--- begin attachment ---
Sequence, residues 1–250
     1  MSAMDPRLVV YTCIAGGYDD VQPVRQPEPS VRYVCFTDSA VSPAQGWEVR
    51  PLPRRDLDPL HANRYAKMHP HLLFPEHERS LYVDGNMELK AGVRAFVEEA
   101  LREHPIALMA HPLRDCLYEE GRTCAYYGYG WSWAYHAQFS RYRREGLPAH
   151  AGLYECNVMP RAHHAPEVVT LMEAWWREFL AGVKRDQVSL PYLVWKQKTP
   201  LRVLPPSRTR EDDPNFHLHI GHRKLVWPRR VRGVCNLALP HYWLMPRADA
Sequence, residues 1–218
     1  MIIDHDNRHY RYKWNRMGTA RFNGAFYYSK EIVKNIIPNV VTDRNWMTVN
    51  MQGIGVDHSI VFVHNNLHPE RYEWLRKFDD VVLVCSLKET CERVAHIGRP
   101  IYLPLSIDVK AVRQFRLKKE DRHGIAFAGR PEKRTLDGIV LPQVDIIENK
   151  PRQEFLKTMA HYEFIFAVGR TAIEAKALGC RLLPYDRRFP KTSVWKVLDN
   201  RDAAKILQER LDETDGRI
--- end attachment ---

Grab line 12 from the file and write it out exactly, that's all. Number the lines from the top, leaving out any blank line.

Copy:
   201  RDAAKILQER LDETDGRI